The purpose of this blog is to break down what is needed to obtain a stay of execution on a judgment pending appeal in the state of Ohio.

In Ohio, they follow a specific format for what’s required for the stay, which is referenced in the Ohio Laws and Administrative Rules section 2505.09, Stay of Execution — Supersedeas, which appears in the Ohio Revised Statute Title 25, court/appellate/chapter 2505 Procedure on Appeal. Except as provided in other sections of the Revised Code or applicable rules of governing courts, the appeal itself does not operate as a stay of execution until a stay of execution has been obtained pursuant to the Rules of Appellate Procedure or in another applicable manner, and a supersedeas bond is executed by the Appellant and is bound to the Appellee. The bond must be issued by an acceptable surety company. The bond’s sum is an amount not less than the cumulative total of all claims covered by the final order, judgment or decree, interest involved, and ongoing interest.

The bond shall not exceed fifty million dollars excluding interest and costs, as directed by the court that rendered the final order, judgment, or decree that is sought to be superseded or by the court to which the appeal is taken.

The bond shall be conditioned as provided in Section 2505.14, Conditions of Supersedeas Bond, Ohio Revised Statute, Title 25 Court Statute, chapter 2505 Procedure on Appeal. The supersedeas bond must be payable to the judgment creditor, or otherwise as directed by the court. “The appellant shall abide and perform the order, judgment, or decree of the appellate court and pay all money, costs, and damages which may be required of or awarded against him upon the final determination of the appeal and subject to any other conditions that the court provides.”

Essentially, the bond must consider all the sums currently due, and the damages, cost, and interest that could be awarded on appeal.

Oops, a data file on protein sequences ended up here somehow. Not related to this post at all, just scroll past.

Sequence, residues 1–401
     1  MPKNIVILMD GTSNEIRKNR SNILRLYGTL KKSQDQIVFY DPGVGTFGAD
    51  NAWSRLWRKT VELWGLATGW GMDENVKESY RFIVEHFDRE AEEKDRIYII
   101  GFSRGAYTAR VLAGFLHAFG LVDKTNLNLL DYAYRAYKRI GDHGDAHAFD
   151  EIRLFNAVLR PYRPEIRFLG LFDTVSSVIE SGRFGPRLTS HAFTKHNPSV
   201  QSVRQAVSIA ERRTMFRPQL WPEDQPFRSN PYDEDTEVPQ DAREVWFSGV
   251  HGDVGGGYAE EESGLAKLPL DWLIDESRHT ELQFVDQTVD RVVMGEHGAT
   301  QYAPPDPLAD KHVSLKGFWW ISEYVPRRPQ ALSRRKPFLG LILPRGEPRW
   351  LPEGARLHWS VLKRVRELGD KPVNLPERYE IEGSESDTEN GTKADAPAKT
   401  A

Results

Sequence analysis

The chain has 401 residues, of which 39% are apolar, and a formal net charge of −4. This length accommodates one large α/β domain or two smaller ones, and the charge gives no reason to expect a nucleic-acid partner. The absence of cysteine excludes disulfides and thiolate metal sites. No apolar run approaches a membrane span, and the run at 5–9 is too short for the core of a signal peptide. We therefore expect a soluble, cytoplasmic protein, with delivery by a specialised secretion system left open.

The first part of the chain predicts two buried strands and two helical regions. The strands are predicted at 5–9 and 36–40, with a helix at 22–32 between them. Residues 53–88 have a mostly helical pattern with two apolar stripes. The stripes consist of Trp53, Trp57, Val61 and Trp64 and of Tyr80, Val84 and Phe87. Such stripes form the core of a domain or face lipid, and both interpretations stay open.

The bond amount needs to be set. I would strongly suggest that you have a conversation with my office about how to set the bond amount. You have two options. You can either stipulate with opposing counsel or motion the court to have a bond amount set. One of those two conditions needs to be met.  If the opposing counsel agrees, you could propose a bond in the amount of 120%, 125%, or something simple so that you can move forward. One of the benefits of stipulating with the other side is that they’re not going to oppose your stay of the execution of the judgment on the appeal. They know you’re appealing. They know they’re going to have a bond.

You can motion the court to grant the stay upon the filing of a bond. The court then determines the bond amount, which the other side can oppose. That’s something also to keep in mind, but at the end of the day, once you have a bond amount set, whether it’s stipulated to or by court order, you then file the bond and motion the court to confirm the stay pending appeal. 

Again, the bond is staying the execution of the judgment pending appeal so both the appeal and the bond need to be filed before you can motion the court for the stay of the execution of the judgment, which is pursuant to both the bond, appeal, and the order confirming such. I always suggest confirming what the terms will be to obtain the bond before making the motion or discussing the amount with opposing counsel.

Contact us for a free consultation today.

Neil Pedersen
15 Maiden Lane Suite #800
New York, NY, 10038

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